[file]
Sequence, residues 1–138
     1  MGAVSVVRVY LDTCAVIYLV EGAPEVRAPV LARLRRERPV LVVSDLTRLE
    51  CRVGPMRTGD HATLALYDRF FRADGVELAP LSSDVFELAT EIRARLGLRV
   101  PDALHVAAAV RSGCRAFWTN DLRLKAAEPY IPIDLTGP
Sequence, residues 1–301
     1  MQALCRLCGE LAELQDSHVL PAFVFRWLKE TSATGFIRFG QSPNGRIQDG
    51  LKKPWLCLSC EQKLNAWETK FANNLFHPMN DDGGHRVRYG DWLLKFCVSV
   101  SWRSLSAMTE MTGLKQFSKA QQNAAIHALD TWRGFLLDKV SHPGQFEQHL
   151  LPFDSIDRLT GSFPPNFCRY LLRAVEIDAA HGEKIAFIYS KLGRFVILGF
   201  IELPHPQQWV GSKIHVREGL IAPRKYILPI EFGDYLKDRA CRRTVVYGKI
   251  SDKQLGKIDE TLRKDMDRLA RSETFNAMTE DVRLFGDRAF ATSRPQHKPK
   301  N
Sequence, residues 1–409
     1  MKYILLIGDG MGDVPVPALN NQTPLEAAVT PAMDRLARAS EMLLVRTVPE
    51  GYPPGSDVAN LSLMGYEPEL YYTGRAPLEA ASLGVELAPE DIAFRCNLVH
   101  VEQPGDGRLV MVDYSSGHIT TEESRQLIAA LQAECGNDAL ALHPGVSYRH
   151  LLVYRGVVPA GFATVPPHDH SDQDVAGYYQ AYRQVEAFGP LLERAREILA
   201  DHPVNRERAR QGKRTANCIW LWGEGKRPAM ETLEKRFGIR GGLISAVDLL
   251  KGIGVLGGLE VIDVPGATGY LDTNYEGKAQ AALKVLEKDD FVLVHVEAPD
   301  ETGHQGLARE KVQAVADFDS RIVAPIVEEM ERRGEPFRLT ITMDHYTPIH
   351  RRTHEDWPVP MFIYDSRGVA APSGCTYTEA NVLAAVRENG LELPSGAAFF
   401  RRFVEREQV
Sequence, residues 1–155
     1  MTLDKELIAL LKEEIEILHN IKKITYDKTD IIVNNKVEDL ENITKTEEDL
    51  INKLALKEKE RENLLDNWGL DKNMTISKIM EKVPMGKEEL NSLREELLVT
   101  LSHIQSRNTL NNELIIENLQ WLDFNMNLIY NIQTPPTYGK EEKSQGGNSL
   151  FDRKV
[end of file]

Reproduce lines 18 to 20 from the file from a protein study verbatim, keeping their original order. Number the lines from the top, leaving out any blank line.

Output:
   201  DHPVNRERAR QGKRTANCIW LWGEGKRPAM ETLEKRFGIR GGLISAVDLL
   251  KGIGVLGGLE VIDVPGATGY LDTNYEGKAQ AALKVLEKDD FVLVHVEAPD
   301  ETGHQGLARE KVQAVADFDS RIVAPIVEEM ERRGEPFRLT ITMDHYTPIH